THE POPULAR SCIENCE MONTHLY
vapor and fumes arose from several volcanic vents, and at frequent intervals there were showers of fine ash, while more rarely molten lava escaped and flowed down the slopes into the lake. During the larger eruptions, as has been recently witnessed at Martinique, there were violent gusts of wind, and blazing cinders of various sizes fell on all sides. Green branches were torn from the trees, and are found with the leaves still attached in the shales; while many leaves are burned and torn, and an abundance of charcoal testifies to the existence of forest fires. The clouds of fine ash bore to the ground all winged insects and, when falling in the shallow water of the lake, gave rise to layers of soft mud and sand, which, under the pressure of subsequent deposits, solidified into rock. In this way the shales were formed, the best being under heavy flows of mud or lava, which compressed them and permitted the preservation of the remains they contained, before decomposition had gone too far. Within a limited area hot waters strongly charged with silica surrounded and bathed the remains of the redwood trees, with the result that these are now wonderfully preserved as fossil stumps, one of them of great size.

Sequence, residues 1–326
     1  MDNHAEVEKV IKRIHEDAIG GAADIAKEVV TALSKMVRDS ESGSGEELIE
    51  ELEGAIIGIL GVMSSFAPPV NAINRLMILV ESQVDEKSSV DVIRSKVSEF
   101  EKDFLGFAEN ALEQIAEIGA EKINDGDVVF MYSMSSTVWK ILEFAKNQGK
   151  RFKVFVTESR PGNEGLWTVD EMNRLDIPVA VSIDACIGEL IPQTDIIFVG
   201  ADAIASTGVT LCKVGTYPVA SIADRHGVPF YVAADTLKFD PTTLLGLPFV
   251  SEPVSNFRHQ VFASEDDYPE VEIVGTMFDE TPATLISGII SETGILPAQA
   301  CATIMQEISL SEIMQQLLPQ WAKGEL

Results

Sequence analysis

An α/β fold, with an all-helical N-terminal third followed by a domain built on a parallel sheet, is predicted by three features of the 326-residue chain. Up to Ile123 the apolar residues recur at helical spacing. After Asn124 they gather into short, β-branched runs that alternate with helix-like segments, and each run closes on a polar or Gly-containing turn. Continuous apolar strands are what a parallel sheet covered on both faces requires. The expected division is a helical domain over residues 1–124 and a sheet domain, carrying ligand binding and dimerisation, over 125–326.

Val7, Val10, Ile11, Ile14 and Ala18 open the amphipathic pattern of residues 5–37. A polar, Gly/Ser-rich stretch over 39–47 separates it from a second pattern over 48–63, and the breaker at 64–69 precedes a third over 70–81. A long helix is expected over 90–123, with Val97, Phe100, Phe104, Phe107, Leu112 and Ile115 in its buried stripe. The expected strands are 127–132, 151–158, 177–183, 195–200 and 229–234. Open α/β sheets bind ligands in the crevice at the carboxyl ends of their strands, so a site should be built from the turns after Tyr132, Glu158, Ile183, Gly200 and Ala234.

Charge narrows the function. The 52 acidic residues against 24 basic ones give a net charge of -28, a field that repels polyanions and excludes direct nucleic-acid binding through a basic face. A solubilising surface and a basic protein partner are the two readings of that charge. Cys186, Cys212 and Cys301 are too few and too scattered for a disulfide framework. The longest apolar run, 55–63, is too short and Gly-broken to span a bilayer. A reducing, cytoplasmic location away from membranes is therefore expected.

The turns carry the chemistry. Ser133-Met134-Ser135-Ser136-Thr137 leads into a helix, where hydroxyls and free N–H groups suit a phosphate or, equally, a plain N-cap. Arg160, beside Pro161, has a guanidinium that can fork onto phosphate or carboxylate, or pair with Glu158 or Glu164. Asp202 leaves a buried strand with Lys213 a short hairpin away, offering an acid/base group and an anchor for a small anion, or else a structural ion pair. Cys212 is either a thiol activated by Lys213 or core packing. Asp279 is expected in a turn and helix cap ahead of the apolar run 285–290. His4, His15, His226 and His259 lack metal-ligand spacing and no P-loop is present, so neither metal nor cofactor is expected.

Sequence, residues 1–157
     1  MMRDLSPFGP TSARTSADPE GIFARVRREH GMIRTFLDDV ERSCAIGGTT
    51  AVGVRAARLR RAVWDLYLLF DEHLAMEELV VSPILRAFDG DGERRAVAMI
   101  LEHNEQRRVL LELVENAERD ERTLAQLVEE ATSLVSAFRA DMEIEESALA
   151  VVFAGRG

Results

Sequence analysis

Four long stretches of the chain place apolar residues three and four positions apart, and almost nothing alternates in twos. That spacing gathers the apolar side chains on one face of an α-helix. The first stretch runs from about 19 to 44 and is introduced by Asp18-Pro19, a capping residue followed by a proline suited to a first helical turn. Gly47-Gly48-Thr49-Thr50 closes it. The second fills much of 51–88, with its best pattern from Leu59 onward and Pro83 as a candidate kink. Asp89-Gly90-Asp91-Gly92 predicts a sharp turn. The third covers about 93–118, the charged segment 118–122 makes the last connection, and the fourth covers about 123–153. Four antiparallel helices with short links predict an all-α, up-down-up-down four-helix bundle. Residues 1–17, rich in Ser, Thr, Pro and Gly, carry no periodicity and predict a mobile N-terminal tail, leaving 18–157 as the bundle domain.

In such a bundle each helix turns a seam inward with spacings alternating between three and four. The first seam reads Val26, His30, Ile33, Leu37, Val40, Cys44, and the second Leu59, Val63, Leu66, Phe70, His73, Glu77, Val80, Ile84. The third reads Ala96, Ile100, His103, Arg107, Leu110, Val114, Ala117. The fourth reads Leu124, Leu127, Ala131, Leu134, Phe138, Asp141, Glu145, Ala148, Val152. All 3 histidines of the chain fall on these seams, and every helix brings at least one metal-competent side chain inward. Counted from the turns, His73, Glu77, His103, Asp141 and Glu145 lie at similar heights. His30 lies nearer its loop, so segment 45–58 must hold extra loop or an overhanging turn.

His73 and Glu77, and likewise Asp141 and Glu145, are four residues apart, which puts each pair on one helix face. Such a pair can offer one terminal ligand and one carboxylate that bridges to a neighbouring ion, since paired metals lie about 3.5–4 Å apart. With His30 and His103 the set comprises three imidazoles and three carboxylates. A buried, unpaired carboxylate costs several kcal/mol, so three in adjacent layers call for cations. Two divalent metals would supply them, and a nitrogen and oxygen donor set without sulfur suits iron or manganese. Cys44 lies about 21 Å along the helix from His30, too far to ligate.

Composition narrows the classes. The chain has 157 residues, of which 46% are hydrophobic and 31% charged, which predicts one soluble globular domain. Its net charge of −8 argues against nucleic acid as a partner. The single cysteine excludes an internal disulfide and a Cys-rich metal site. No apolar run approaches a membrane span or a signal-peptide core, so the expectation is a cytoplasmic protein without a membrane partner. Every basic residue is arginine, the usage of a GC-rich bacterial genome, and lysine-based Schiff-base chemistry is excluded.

In the course of ages, after the lake had disappeared, the streams flowing through the valley cut out the soft shales and carried them in fine particles to the Platte River, whence they found their way toward the plains. It is sad to think of the thousands of magnificent fossils which must have been thus destroyed—the infinitesimal fragments of which are now scattered far and wide over the Colorado plains, or have traveled perhaps to the Mississippi and the sea. The result of all this destruction, however, has been favorable to the paleontologist in this sense, that it makes the shales readily accessible at many points. Along the sides of the valley, close to the old shore lines, the fossil-bearing layers are plainly visible, and no doubt those which are preserved are far richer than were those which occupied the middle of the lake. The amount of the deposit still remaining is not known, but it must be very great, so that its possibilities could not be more easily exhausted than those of Herculaneum. Only a few places have been worked for any length of time, while small outcrops, inviting investigation, are very numerous. The work of uncovering the fossils is necessarily very slow. First of all, the heavy cap of solid rock has to be removed—and the farther one goes into the hillside, the greater it is—and then the shale has to be split with a knife into fine layers, often with great difficulty. With the utmost care, it is certain that many things will be lost, either from not being observed when uncovered, or from the shale not splitting in the right places. It would not be practicable to have the work done by untrained laborers, with the exception of the preliminary digging and shoveling, for they would destroy and lose far more than they found. Frequently the most precious and perfect insect remains are